Sonic Fiber Map
A map highlighting Sonic.net fiber deployments generated from publicly-available street permits.
The map itself can be found at https://thatdan.github.io/sonic_fiber/
The data within is recent as of August 8, 2017. (Except permit 17TOC-3140. I've left that as an exercise for the user to figure out why
This map is purely speculative based on street permits. I have not verified whether Sonic's fiber service is available on every street highlighted. To quote samstave on HackerNews:
Having the permit doesnt mean the fiber is pulled.
One can check addresses at https://www.sonic.com/availability
- Including Leaflet to prevent CDN issues.
- Manually fixing "COLLINGWO OD" issue for now.
- Waited for some permits to collect before updating. Biggest ones are for 19th St, Douglas St, Clipper St, 26th St, and Cesar Chavez St. Some permits are for underground conduit checks (e.g. 17TOC-4689 in Excelsior) which might hint to future plans.
- Use street centerlines instead of intersecion points
- Add central office points
- Write single script for pulling/updating data
- Include permit number
- and date on map
- Add timelapse of permits
Permit data can be found at http://bsm.sfdpw.org/reports/public/permitsearch.aspx
A search for "Sonic Telecom" as the Agency and "Temporary Occupancy" as the Permit Type returns a list of permits mostly (but not always) associated with pulling aerial fiber up and down streets.
PDFs of the permits contain detailed street information and can be downloaded with the Print link next to each permit. Any number of plugins or tools can be used to download these en masse.
Once all the permits are downloaded, they can be run through tabula-java to convert the info into CSVs:
java -jar tabula-0.9.2-jar-with-dependencies.jar -b . -l -p all -r -u;
There's a lot of cruft in the CSVs, but the important rows (street, start and end intersections) can be found by looking for rows containing "RW :" in the 6th column.
The included Python script
clean_tabula_csv.py can be run against all the CSVs and filters lines by this rule while adding the current street name to every first column:
echo "permit,streetname,from_st,to_st" > sonic_intersections.csv; ls 1*TOC*.csv | xargs -L1 python clean_tabula_csv.py >> sonic_intersections.csv;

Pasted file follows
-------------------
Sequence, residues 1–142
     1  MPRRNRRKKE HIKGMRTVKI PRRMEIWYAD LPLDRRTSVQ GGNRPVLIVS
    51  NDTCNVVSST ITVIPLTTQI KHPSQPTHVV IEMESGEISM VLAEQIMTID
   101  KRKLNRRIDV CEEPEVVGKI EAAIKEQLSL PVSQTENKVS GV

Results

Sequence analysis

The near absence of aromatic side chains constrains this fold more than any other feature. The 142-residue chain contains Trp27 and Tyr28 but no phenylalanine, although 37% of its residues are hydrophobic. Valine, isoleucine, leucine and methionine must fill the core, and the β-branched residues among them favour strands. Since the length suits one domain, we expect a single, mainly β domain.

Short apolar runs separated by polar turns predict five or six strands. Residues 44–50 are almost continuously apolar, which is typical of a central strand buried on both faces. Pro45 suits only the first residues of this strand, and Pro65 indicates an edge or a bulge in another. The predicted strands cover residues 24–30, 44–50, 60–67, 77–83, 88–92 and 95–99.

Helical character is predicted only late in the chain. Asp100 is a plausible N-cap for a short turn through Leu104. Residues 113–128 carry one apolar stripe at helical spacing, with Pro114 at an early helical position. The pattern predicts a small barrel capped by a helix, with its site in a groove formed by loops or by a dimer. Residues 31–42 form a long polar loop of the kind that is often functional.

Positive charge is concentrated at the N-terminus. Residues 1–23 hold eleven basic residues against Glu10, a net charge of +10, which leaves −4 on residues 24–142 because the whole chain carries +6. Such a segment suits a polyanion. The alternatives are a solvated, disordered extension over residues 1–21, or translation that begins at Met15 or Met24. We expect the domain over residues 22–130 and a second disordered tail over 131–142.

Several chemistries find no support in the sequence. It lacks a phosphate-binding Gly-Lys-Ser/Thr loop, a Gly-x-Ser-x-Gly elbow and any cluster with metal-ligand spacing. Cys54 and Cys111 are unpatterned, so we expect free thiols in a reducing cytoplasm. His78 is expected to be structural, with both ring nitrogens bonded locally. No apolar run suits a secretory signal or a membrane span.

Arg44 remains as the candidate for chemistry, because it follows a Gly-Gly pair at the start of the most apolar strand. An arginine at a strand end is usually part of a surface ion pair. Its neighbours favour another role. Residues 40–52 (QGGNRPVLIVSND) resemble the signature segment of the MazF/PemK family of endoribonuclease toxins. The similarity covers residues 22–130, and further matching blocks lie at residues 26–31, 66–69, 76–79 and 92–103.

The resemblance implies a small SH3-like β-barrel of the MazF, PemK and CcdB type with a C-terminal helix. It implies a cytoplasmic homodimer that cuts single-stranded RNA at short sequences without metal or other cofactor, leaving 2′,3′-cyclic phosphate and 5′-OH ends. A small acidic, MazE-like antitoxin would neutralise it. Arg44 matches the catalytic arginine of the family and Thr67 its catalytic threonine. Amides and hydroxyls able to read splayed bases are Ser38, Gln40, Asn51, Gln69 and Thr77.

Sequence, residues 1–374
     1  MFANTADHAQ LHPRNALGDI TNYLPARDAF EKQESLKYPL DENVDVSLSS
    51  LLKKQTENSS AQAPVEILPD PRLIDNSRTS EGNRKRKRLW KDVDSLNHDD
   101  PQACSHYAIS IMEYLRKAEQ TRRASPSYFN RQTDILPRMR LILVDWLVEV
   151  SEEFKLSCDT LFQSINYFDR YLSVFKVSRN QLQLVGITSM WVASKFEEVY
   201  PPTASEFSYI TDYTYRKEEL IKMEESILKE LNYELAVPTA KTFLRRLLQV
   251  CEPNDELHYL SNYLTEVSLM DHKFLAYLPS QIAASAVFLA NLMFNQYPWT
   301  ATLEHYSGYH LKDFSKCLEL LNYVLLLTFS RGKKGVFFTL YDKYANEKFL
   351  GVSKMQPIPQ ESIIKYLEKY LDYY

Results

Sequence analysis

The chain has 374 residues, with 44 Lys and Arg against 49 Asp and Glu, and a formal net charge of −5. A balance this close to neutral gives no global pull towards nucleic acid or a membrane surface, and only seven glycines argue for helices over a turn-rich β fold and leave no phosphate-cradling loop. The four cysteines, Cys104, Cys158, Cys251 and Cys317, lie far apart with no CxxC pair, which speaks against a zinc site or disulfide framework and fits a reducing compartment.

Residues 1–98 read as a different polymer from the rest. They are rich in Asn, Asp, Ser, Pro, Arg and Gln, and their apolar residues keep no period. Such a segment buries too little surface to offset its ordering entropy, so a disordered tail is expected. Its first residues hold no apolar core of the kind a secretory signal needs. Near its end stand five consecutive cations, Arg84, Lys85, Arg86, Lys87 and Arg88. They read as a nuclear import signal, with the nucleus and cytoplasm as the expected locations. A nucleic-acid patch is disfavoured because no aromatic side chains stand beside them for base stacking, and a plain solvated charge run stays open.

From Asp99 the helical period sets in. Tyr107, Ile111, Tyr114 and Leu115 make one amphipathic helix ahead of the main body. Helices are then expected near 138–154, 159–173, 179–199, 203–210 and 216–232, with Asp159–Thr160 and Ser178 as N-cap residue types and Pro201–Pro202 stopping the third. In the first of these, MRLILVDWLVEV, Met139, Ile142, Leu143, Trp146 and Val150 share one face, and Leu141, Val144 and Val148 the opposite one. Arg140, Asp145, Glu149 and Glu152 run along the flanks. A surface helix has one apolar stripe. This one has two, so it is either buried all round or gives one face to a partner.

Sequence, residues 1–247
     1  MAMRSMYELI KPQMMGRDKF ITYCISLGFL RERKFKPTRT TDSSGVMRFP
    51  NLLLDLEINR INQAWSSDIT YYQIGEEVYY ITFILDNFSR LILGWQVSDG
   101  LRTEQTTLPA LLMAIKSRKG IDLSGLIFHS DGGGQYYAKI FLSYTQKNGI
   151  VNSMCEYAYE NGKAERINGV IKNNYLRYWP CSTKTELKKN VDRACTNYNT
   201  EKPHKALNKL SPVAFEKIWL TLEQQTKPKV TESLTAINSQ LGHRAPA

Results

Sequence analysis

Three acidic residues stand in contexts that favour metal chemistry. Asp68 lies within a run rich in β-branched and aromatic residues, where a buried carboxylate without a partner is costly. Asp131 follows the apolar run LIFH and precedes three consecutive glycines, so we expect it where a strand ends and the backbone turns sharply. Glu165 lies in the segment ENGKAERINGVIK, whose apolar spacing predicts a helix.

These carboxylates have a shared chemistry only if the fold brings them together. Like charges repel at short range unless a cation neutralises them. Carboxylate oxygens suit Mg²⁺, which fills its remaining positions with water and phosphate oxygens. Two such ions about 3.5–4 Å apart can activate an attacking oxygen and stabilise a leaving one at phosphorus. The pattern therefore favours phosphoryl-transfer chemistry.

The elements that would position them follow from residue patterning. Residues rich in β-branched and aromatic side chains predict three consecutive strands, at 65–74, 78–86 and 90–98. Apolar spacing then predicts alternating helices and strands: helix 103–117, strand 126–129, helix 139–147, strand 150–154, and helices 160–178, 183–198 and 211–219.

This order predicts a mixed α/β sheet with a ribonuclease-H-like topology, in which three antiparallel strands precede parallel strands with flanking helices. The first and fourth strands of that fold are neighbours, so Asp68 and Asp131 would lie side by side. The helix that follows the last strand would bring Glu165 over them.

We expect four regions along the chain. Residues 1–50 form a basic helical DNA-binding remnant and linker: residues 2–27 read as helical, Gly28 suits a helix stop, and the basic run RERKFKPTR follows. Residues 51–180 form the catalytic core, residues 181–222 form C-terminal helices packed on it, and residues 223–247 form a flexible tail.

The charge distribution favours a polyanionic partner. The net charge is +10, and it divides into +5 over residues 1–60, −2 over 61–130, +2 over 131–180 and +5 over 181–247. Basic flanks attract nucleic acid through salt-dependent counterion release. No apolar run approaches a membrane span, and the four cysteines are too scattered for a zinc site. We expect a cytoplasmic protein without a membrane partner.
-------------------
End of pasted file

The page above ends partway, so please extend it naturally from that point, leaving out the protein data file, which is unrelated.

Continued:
The city of San Francisco provides street and intersection data at data.sfgov.org. I used their List of Streets and Intersections and Basemap Street Centerlines datasets. The List of Streets contains every intersection of every street in the City by name as printed in the permits while the Basemap contains street geometry by "CNN" which is referenced in the List of Streets. Exporting both sets as CSVs, I imported them and our permit CSV into an sqlite database:
rm sonic.sqlite; echo " .separator ',' .import sonic_intersections.csv sonic_intersections .import List_of_Streets_and_Intersections.csv sf_intersections .import San_Francisco_Basemap_Street_Centerlines.csv sf_cnn " | sqlite3 sonic.sqlite
After importing our CSVs, we can do a few joins to get the geometry of the streets covered by the permits. I could have used PostgreSQL or SpatiaLite to generate proper geospatial data, but it's easier to just use the WKT the City includes with their CNN data.
echo " SELECT sf_cnn.cnn, sonic.permit, sonic.streetname, sonic.from_st, sonic.to_st, sf_cnn.geometry FROM sonic_intersections sonic LEFT JOIN sf_intersections sf ON sonic.streetname = sf.streetname AND sonic.from_st = sf.from_st AND sonic.to_st = sf.to_st LEFT JOIN sf_cnn ON sf.cnn = sf_cnn.cnn; " | sqlite3 sonic.sqlite > sonic_fiber.csv